Visa and MasterCard are testing fingerprint sensors for added security. (WSJ)

Canada has ended its 95-year prohibition on cannabis, paving the way for mns of adults to “openly smoke, ingest or grow the drug” by early or mid-September — and creating what should become a multi-bn CAD industry. (Globe & Mail)

Two disruption-free professions (so far): Lawyers and plumbers look safe, the Michael Skapinker suggests (FT)

Baseball caps: Can you wear them without looking like a frat boy? (WSJ)

**REMINDER: Enterprise is off tomorrow. We’re taking a day to do some planning and training as a team.

What We’re Tracking This Week

White House special adviser Jared Kushner and Middle East envoy Jason Greenblatt are expected to visit Egypt this week as part of a Middle East tour that saw them stop in Jordan yesterday, the Associated Press reports The officials met with King Abdullah II to discuss, among other things, “the Trump Administration’s efforts to facilitate peace between the Israelis and Palestinians,” according to a White House readout. Stops in Israel and Saudi Arabia are also scheduled. The visits come ahead of the expected rollout of a new Arab-Israeli peace plan later this summer.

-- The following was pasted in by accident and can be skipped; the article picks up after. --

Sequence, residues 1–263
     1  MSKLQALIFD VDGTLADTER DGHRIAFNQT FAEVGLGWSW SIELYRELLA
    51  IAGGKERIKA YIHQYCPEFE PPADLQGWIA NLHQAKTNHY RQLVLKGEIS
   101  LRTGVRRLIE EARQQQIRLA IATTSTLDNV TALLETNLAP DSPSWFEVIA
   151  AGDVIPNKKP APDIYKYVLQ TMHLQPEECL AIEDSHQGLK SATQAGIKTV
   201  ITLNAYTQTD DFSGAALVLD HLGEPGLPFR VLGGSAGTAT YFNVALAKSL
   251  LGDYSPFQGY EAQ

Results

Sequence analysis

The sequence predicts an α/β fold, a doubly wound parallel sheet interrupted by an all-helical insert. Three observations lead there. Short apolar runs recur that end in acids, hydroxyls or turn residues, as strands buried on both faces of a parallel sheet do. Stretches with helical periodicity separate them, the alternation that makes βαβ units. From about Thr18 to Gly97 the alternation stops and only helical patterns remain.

On a related note, the US administration decided yesterday to withdraw from the UN Human Rights Council in protest of a perceived “bias against Israel and willingness to allow notorious human rights abusers as members,” the Washington Post says. “‘I want to make it crystal clear that this step is not a retreat from our human rights commitments,’ the US’ UN Ambassador Nikki Haley said yesterday. ‘We take this step because our commitment does not allow us to remain a part of a hypocritical and self-serving organization that makes a mockery of human rights.’”